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Haiti 2016 - Day 4


Day 4: This morning began like most here. Waking up hot, not sure if you got much sleep but ready to start the day.  Motos were waiting for us to head to the hospital.  I walked in to a birth quite quickly.  The woman in labor had been sent out walking and came back making the primal sounds that signal it's time to put your gloves on.  She barely had time to get on the table as her babe was ready to come earth side.  The healthy baby boy came with great effort by his incredibly strong mother and I place him on her chest and began active management of her placenta to decrease her risk of hemorrhage.  At home I do not actively manage the placenta unless medically indicated but in third world countries where women are at high risk for hemorrhage and resources are limited it saves lives.

Another birth quickly followed that Shamarie delivered.  It was her first birth in 12 years as she is an OB/GYN but specialized in uro-GYN which is an incredible specialty that repairs pelvic floor damage including fistulas.  Amazingly there was a woman with a fistula who had been sitting in the postpartum unit for a couple of weeks and the doctor had agreed to let Shamarie teach him how to repair it if they could get the OR time.  Shamarie loved on the bay and mother while I finished up the placenta. Then Shamarie did the repair. It was a beautiful birth and great team work.  

The students got situated in the unit and Sarah assisted a student in her first birth and Heather got to step in as labor and nursing support.  She was officially bitten by the birth bug and was glowing from that moment forward.  She was moved by the power of women and the beauty of birth.  

As the labor unit quieted down I headed to the post surgical unit to precept more midwifery students.  Our first momma had come in seven months pregnant with an abruption and had a cesarean section but her baby had died.  She had a hemoglobin of 7.9 before the surgery and the next day it had dropped to 3.2 but there was no blood in the blood bank.  We asked if we could go donate blood but we were told all the blood donated at the Red Cross next tot the hospital had to be sent for testing in Port at Prince as they did not have the capabilities to test it in Hinche. I was happy to hear that they tested all the blood products but frustrated that they were regularly out of blood.  This poor woman was so frail and weak. She had lost so much blood and needed a transfusion of multiple units of blood.  I was told it was coming that day but she had not received it when I left the hospital that day.  

Another woman that stood out today was a second time mother who had a cesarean section.  I was able to have the student provide teaching on everything from breastfeeding to bleeding and infection.  As I reviewed it all with the mother and student, the mother would tell my translator that she didn't have any questions but that she wanted me to know that everything I was telling her was correct.  I loved it.  She was an experienced mother and guided the student through her teaching.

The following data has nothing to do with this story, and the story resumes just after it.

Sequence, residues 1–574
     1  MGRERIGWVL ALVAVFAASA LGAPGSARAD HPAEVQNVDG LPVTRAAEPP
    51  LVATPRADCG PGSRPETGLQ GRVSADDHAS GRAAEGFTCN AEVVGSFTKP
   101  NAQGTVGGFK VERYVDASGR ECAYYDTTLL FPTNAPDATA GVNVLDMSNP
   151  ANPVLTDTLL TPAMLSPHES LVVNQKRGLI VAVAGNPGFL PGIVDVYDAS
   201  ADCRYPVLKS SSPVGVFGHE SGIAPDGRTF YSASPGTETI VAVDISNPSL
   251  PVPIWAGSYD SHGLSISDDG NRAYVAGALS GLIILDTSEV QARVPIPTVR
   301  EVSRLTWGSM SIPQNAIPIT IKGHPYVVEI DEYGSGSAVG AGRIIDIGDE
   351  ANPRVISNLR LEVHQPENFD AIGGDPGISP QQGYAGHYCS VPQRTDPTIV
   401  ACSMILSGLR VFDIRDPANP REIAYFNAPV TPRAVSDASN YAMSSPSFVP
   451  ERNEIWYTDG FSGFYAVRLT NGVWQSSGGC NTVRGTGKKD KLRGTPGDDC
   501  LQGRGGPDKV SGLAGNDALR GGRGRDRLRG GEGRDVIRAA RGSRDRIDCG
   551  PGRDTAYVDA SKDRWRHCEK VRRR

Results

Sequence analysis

At the end of our shift we headed back to the house on Motos and shared our meal together.  Then it was time to head back on Motos to help the Sisters of Mercy at Azil House.  This is the place that every year brings me to my knees.  Families bring their severely malnourished children her to be fed and hopefully saved.  The cribs are lined up wall to wall.  The children sit lethargically, some too weak to eat.  We hold them, love them and try to help with their afternoon feed.  This place embodies the senseless disparities in our world.  How is it possible that my car costs enough money to feed and save every child in this place for many years.  It is incomprehensible.  How in 2016 do we allow for such human suffering.  

After the feelings were done and the babies and toddlers were cleaned up and placed back in their cribs we went out to the patio with the other kids ages 3-6 and played.  We sang songs and danced and played with their broken toys.  As we were leaving the head nun stopped to chat with us.  She has been at Azil for five years.  She was in Russia for 16 years prior.  She shared stories about Mother Theresa and brought me to tears discussing the impact of service to the poor. She reflected on how we may not feel like one person can do much but just by coming and loving on one poor sick child we have made a difference to that one child.  The ocean is made up of many drops of water and you might not think the ocean would miss one drop of water but what if all the drops of water didn't show up?

#Haiti2016

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